Blackmagic URSA – a $6k 4K professional cinema camera with interchangeable sensor

recording

Blackmagic are launching not none, not one but TWO new cameras at NAB 2014. One as you can see packs quite a punch with a quite revolutionary design. The aim of the URSA is to take all the accessories you’d normally rig onto a Blackmagic Cinema Camera and integrate them. That is a sensible idea. However the execution looks to have produced a 7.5KG monster. There’s even an HDMI version of the URSA which has no sensor block or lens mount but a cradle on the front for any camera with HDMI output, such as the tiny Sony A7R. That would give you a full frame 4K URSA recording to CFast cards.

The URSA is aimed at a large crew, large scale productions with multiple operators on one camera – and in doing so somewhat does a u-turn on Blackmagic’s existing user base. It is disappointing to see so much effort having gone into the URSA but not even histograms or format options in firmware updates for the BMCC, Pocket and Production Camera.

Here is the URSA in HDMI variant –

ursa-hdmi-imperial

As you can see this monster could sit behind the Sony A7S.

It provides an impressive array of features.

There’s no shortage of screens – three of them. Potentially useful for different operators in a crew – focus puller, operator, sound man.

The main screen is articulated and flips out from the side but it is enormous. 10″ and 1920 x 1200. How that effects balance and how much juice it will take from the external v-lock battery remains to be seen. With the usual rig you have freedom to place 7″ monitors anywhere and they are lighter.

There’s a further 2 x 5” screens at 800 x 480 and these are touch panels.

power

In total the URSA with 4K sensor block (likely the same sensor as featured in the Production Camera) weighs in at 7.50kg. That is even heavier than an Alexa which still comes in under the 7kg mark with viewfinder attached. The URSA compares to around 2kg for the 4K Production Camera.

The question I am asking is why attach 7.5KG to a tiny camera upfront on the HDMI version, when I can simply attach an Atomos Shogun to the A7S and go and shoot?

The crux of it is, this camera is aimed at large scale production and crews. It is aimed at jobs which would usually necessitate tons of gear and an Alexa or Epic. It is aiming to make these jobs simpler and more streamlined, but it does remove some of the flexibility that custom rigging provides.

In terms of the overall market I really do not understand Blackmagic’s approach to cameras, it gets stranger by the day.

On the one hand you have the small Pocket Cinema Camera which is the total opposite of the URSA. People had been rigging up this to the hilt and to me that made no sense at all. Blackmagic now comes along not with an upgrade to the Pocket Camera or a much needed firmware update to the Cinema Camera but a camera apparently in full agreement with the people rigging up their small cameras to unnecessarily clunky degrees.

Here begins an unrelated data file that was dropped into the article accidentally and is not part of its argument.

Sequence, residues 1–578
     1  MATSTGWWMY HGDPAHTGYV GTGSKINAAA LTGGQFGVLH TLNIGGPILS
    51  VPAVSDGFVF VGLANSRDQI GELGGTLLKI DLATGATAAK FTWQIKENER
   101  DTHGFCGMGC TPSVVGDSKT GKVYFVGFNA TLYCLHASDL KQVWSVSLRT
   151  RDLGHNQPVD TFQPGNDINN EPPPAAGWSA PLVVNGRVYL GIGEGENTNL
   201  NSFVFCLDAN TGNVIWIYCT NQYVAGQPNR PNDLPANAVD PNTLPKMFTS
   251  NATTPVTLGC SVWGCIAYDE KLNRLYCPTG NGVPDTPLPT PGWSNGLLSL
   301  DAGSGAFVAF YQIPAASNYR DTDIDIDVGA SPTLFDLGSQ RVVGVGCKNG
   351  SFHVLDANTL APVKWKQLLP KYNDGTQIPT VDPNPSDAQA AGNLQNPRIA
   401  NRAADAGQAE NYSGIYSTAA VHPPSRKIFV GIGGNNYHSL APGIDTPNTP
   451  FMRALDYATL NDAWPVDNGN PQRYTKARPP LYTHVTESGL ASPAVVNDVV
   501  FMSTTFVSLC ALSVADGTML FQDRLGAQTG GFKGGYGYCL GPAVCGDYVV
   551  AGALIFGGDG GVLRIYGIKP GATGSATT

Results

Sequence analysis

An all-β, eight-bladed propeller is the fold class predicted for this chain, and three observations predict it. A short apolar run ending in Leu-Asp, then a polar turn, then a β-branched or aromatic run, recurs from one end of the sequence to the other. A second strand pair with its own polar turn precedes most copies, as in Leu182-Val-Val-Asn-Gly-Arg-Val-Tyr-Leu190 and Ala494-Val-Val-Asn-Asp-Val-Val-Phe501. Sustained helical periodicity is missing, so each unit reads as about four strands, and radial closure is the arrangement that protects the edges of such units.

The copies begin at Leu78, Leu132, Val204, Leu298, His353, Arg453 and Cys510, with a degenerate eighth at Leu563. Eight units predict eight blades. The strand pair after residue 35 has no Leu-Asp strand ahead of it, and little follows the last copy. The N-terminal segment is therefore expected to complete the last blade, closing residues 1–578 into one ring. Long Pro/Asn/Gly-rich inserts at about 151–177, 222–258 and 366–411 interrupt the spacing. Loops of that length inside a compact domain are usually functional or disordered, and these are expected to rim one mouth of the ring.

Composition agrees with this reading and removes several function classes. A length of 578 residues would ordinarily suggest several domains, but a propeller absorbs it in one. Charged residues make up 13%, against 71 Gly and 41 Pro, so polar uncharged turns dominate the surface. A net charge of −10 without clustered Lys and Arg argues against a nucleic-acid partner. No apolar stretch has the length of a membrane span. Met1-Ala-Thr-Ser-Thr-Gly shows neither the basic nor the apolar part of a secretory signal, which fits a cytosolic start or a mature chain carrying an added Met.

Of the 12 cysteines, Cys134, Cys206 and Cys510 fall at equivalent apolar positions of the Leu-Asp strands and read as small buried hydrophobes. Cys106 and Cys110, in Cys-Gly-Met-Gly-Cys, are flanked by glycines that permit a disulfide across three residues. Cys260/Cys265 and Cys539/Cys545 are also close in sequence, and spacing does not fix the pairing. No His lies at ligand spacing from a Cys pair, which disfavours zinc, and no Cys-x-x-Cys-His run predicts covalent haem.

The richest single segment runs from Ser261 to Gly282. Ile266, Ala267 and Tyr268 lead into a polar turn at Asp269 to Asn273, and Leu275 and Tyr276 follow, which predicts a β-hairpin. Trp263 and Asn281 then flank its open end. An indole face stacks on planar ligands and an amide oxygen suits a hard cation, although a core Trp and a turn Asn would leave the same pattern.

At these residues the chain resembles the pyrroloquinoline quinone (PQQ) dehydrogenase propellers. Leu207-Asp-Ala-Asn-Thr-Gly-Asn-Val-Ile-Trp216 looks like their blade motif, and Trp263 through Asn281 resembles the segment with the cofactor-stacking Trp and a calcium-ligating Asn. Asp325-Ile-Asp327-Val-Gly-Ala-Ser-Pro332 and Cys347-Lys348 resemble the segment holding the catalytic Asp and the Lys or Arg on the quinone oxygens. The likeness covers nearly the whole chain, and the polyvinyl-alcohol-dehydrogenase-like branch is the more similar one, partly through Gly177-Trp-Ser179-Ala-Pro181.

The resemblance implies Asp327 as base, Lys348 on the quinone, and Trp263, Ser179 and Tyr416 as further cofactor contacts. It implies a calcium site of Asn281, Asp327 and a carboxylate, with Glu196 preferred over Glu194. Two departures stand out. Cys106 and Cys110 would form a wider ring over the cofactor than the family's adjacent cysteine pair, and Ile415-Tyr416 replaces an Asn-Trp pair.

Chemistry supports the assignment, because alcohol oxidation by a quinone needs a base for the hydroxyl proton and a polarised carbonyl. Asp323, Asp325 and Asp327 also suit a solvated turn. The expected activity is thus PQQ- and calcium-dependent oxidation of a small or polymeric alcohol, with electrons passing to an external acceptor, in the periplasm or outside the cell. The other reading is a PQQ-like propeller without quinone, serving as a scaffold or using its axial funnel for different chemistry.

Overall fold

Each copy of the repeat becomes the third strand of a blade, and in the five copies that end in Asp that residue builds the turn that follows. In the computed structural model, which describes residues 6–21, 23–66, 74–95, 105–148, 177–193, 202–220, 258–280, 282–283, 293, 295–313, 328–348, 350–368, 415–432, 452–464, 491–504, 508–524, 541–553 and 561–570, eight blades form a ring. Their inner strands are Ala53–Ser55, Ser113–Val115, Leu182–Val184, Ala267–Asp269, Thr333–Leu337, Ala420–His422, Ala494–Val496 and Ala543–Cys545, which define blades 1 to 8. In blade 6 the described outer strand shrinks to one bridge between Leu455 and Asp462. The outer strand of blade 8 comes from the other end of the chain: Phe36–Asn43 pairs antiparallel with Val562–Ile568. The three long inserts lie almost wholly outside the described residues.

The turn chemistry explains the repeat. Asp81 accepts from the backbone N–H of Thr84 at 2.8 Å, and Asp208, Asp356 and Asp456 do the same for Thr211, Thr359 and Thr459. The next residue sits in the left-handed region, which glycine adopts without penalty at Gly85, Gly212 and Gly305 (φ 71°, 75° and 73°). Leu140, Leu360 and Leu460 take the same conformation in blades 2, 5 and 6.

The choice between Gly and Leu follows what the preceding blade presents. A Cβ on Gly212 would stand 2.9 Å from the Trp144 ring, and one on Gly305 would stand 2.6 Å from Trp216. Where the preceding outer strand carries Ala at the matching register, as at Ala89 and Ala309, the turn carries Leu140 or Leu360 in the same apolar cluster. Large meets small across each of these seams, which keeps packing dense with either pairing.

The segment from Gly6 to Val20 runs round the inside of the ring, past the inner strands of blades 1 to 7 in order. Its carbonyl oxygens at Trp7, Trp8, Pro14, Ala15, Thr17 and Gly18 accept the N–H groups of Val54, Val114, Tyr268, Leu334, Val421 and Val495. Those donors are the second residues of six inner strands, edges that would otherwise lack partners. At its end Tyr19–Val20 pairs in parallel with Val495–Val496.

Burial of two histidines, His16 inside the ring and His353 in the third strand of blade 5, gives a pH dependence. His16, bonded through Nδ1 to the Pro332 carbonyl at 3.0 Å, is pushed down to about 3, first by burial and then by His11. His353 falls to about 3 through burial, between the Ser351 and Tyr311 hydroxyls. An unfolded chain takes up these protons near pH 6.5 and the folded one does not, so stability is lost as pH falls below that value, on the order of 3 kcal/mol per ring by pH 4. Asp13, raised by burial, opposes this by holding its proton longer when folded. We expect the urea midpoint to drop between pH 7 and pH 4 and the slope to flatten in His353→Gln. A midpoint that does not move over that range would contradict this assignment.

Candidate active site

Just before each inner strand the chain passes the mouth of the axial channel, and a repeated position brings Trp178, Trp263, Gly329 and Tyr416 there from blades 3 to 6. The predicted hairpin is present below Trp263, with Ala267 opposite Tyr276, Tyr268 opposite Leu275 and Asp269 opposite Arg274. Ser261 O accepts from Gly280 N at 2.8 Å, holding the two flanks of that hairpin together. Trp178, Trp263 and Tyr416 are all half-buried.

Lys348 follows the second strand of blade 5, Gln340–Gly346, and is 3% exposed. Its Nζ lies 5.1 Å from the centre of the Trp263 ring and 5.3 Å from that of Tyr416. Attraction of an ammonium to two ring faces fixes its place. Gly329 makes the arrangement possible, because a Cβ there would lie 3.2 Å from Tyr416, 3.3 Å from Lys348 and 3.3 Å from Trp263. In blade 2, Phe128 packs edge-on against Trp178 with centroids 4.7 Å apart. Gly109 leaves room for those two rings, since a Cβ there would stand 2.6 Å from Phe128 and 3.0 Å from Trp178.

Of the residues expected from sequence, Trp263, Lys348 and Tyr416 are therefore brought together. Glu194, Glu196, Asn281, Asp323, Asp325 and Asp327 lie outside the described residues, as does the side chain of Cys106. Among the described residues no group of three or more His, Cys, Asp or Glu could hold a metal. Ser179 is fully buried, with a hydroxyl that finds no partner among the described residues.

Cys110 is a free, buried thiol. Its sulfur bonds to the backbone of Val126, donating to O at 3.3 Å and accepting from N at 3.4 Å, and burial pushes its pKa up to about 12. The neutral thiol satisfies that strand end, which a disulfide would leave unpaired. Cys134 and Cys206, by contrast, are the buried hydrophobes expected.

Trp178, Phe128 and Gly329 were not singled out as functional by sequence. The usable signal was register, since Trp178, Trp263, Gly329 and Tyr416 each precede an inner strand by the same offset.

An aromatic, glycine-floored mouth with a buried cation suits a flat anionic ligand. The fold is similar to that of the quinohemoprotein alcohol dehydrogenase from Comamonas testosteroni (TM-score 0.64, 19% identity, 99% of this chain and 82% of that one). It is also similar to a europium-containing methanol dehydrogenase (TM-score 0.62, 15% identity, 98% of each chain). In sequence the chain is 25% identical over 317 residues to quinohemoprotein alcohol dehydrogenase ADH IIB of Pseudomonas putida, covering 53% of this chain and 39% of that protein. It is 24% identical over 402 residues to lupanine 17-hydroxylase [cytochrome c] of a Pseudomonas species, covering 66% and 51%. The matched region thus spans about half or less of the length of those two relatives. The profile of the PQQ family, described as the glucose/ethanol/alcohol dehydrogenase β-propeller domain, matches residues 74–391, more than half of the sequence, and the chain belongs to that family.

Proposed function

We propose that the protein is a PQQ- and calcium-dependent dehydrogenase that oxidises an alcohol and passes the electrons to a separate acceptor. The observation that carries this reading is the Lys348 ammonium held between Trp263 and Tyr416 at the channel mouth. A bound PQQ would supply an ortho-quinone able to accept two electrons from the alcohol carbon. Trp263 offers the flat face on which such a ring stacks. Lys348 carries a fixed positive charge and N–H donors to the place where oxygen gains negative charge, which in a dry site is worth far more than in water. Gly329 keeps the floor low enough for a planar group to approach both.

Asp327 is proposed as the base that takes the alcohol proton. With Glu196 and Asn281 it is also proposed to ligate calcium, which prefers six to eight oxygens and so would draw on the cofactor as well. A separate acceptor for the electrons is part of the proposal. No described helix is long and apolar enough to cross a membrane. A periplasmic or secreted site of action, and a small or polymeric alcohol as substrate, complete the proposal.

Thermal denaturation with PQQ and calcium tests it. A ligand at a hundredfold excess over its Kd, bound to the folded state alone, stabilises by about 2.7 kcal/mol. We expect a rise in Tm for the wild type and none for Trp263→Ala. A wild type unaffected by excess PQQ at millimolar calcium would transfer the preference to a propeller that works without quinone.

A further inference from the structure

So exactly who does Blackmagic want to target?

Is it the consumer as their affordable prices would suggest? Is it indie filmmakers as their high specs combined with affordable pricing would suggest?

Or is it cornering the broadcast market that Blackmagic are really interested in?

Maybe the Blackmagic of 2012 and 2013 is no longer quite with us.

The URSA is certainly not a single-operator camera, like the previous cameras with their small and light form factors.

In the flesh the camera does look nicely designed and well built, with a lot of features in the UI smoothly operating which should have been in firmware updates for the other cameras by now. Histograms, audio levels, all sorts… The quality of the LCDs themselves looks very good.

On CFast cards with the URSA (currently these are around $600 per 60GB) Blackmagic record 4k at ProRes HQ file sizes… 800Mbit/s and 8x larger than 4K on the GH4. This is simply overkill for me and even crews on large productions would prefer to at least have the option for ProRes LT or heavier compression. There is not that option yet.

In terms of frame rates, the 4K sensor that is meant to ship with the EF and PL mount version of the URSA only goes to 30p in 4K but the URSA’s beefy processing units can handle up to 100fps – though it’s not clear whether this is in 2K or 4K. The idea is that Blackmagic will bring out new sensors in the future and you will simply slot them into the URSA.

Conclusion

I have a sombre prediction for Blackmagic’s camera business and it doesn’t come from my heart but from logic. I feel their existing Cinema and Pocket Camera user base is lost. These users will switch to the Panasonic GH4 and Sony A7S. The question I have to ask Blackmagic – why go to all this effort of building up a loyal customer base only to not do anything to keep hold of them?

With the URSA I think it certainly bucks a few trends in camera design. It is more like a Sony F3 when the industry had been headed to F5 and Epic style form factors.

I think for 2K the Canon C100 or C300 will still be the go-to camera for production teams and content creators… if they need 4K there’s now far more options out there as well.

Full tech specs of the URSA are here